I’ve never really been an avid dressage rider. I’ve played with it, even shown a few Training level tests on a crazy paint. I think I only managed to complete one between taking out the entire arena, the bolting home, and falling off (twice).
The beginning of my riding career has mostly consisted of the hunter/jumpers with some western pleasure chucked in there for good measure. I’ve always jumped on an oppurtunity to ride a different style, but I wouldn’t consider myself proficent in anything other than riding the crazies.
I’ve always been ‘that kid’ at the barn who will jump on anything that has 4 legs and resembles an equine. Your horse has a rearing issue? Cate’ll do that. Just throw her a $20 and a 6 pack. I used to go through helmets like underwear.
When I started riding at FLF almost 4 (!) years ago, I started with the idea that I was going to purchase a new horse with some serious background issues. ‘Fix’ him with some dressage, than back to the jumper ring for this girl. Dressage is the BEST way, in my opinion, to get background issues sorted out. I wasn’t good at this ‘stressage’ business. Give me 4′ ft jumper courses, thankyouverymuch.
This horse, however, was a special case. Rearing, bucking, barn sour, biting, bolting, the whole nine (probably ten) yards. When I tried him out, it took 4 people to tack him up, and every time I asked him to trot off he would rear, spin, dodge left, and then bolt. It was epic.
I hooked up with B at FLF for serious help but I ended up deciding aganist the suicide machine. Free is not always fun. I stayed with B though, and it was the best choice ever.
In exchange for indentured servitude and a small piece of my soul, I’ve been opened to up to this amazing world that is Dressage, along with breeding. (The breeding thing is amazing in itself)
Coming from the jumpers is a total 180* for me, and I’ve learned a lot.
1) Dressage riders have a thumb obsession. I can’t get through a lesson without ‘THUMBS UP!’ I will admit, I ride with ‘puppy paws’. I always have, and it’s horrible eq. I’ve always been effective, and have never been yelled at for it. I always pinned well in eq classes. Now I have dreams about it, and am constantly walking around with my thumbs in an upward position. I even bought neon gloves.
2) Whats up with the sturrip length, eh? I was used to riding with my knees almost to my chin. I feel secure that way, have ridden through MANY a disaster with them set jumper ring short. My first lesson with B, they got lowered about a million holes. Surprise…I could actually open my hip and sit on my rear the way that she asked. Maybe these dressage folk know what they are onto something!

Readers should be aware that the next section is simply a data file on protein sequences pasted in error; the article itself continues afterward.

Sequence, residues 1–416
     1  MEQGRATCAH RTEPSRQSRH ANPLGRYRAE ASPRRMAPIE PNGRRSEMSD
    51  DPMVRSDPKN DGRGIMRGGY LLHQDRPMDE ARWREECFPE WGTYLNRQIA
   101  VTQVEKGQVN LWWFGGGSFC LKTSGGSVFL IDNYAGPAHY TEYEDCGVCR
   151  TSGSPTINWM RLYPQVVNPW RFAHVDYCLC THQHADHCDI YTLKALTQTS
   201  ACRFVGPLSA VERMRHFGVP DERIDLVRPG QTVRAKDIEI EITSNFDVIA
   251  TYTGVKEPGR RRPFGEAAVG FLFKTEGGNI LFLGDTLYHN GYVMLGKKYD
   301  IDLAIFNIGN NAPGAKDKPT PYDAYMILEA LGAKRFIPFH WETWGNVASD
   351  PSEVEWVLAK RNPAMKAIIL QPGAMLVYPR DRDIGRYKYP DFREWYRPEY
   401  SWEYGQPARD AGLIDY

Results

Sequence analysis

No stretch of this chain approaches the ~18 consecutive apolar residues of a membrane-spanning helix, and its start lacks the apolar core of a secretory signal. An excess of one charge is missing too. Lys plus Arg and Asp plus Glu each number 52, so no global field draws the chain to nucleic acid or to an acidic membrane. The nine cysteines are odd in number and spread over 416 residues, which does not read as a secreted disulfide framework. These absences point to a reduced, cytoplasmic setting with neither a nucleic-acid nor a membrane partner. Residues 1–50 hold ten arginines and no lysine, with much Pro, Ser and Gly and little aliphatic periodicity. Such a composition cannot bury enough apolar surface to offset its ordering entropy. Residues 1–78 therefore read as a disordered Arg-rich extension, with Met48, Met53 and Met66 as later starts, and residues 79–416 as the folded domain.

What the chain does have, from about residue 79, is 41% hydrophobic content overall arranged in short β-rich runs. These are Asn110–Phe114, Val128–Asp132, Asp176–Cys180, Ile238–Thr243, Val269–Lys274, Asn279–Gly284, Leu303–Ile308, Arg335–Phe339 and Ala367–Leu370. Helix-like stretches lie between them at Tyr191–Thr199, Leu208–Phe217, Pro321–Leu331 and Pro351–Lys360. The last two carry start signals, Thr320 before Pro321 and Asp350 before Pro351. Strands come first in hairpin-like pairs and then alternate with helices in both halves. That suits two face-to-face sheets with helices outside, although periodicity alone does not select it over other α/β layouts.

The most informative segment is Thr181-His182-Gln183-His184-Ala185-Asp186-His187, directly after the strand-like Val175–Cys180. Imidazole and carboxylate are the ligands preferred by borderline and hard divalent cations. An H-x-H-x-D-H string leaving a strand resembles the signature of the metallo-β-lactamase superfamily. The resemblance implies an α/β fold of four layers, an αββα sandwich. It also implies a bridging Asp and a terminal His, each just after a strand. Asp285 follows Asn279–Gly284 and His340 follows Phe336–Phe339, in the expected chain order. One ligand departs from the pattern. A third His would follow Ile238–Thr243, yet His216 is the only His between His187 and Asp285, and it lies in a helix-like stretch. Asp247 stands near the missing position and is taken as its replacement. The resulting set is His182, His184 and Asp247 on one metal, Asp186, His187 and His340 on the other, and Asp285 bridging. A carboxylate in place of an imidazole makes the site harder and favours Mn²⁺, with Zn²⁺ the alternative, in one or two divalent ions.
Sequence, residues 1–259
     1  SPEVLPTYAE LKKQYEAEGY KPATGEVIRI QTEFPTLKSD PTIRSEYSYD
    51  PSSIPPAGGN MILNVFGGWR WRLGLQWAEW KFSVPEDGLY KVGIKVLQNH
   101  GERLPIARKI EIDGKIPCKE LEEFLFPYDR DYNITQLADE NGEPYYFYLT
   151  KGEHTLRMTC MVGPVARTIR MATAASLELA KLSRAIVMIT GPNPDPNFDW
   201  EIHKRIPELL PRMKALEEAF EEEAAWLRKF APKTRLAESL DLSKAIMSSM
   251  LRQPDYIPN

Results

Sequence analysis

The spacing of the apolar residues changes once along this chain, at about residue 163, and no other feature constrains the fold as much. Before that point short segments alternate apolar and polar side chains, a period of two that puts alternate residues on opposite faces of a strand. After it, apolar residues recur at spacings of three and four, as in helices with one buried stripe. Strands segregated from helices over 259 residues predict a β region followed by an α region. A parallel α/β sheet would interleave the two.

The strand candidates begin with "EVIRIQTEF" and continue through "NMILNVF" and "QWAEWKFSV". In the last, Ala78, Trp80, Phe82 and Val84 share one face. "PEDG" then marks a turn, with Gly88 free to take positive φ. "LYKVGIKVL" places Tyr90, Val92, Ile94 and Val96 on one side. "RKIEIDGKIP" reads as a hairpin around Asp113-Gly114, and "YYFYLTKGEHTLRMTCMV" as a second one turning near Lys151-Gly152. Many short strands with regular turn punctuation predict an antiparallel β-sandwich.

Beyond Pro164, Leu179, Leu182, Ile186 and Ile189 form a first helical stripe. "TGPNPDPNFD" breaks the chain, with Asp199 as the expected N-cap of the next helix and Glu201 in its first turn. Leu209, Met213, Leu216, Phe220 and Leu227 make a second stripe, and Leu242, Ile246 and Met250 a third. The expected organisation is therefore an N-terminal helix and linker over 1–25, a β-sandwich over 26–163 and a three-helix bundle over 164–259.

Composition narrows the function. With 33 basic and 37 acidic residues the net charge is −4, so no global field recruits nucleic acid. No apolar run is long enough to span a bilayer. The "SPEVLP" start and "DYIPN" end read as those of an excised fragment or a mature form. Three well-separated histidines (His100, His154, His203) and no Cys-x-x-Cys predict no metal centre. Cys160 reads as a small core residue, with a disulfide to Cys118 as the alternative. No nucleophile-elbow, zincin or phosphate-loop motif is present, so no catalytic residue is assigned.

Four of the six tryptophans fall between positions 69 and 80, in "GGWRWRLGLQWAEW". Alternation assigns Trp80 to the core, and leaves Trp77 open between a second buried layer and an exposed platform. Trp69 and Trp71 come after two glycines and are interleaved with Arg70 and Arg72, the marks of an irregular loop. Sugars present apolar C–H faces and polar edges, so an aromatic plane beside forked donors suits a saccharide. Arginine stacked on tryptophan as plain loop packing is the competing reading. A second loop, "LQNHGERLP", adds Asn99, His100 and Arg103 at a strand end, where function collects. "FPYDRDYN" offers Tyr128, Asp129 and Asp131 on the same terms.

3) Talking is allowed! It’s an amazing concept, communication during lessons. I was talk to sit down, shut up, and ride. If I wanted my instructor to know that I had understood what she was saying, I was to nod my head, but I was not to utter any words. B encouraged me to speak and ask questions during my lessons. It’s amazing how much you learn when you can ask questions!
4) Circles are my friend. I learned that one the first time I got to ride the ‘evil square’. Enough said.
5) Riding a straight line, an actual straight line, is not for the faint of heart or the weak minded. Walking in a straight, correct line, is about the hardest thing I’ve ever done, other than the evil square.
6) I can feel my horse in my elbows. But only if I keep them soft. Who would have thought that soft elbows would accomplish so much? I never did. I thought I had lovely ‘following’ elbows. Turns out that was a pipe dream.
7) Dressage riders aren’t grumpy. They are perfectionists, with some OCD and an ability to concentrate better than a U.S. Army Sniper thrown into the mix for fun. When it comes to it though, they are wicked nice people. At least the ones that I’ve met. They have a sense of humor, and the community around here opened it’s arms to this newbie without question.
8) It is for every horse. Big, small, fat, skinny, ponies to drafts, every horse and rider combo has something to gain from even the simplest dressage movements. Just like any sport, it takes a special combination of athletes to get to the upper levels, but if you haven’t got Olympic dreams, there isn’t any reason why your 18 year old mustang/donkey cross can’t bust out a Training level test. Dressage doesn’t discriminate when it comes to horses. It’s wonderful. I read a story in the COTH about a lady who competes her mule at 3rd. She keeps up with those big ‘ole WBs no problem!
9) I REALLY need to get my thumbs to listen to my brain. Like seriously. It’s pathetic.
10) I want to make a career out of this whole stressage mess. I’ve never been more frusturated in a lesson before, or felt like more of an amature, but it really pushes me to be better, try harder, and prove to myself that
I can get my %*#& thumbs under control it can happen.
Dressage is not easy, and it’s not just muddling about in a pattern in the arena. It takes serious devotion and commitment. You have to have thick skin, a good work ethic, and you have to want
it. It’s not a sport where even the best horse is going to hand it to you or cover your mistakes. It’s a sport where you aren’t rewarded unless you put the time into it. It’s something that you can take and apply to every horse, in every situation.
That’s not saying I won’t still race around a jumper course for some fun, and to ruin the new position that I’ve worked so hard for. 😉
Simply put, Dressage was way more than I thought, and I hope that my goals and ambitions aren’t just a nice thought.
This girl deserve more than just a pipe dream, and by God we’re going to make it. 🙂
She’s just so sparkly isn’t she?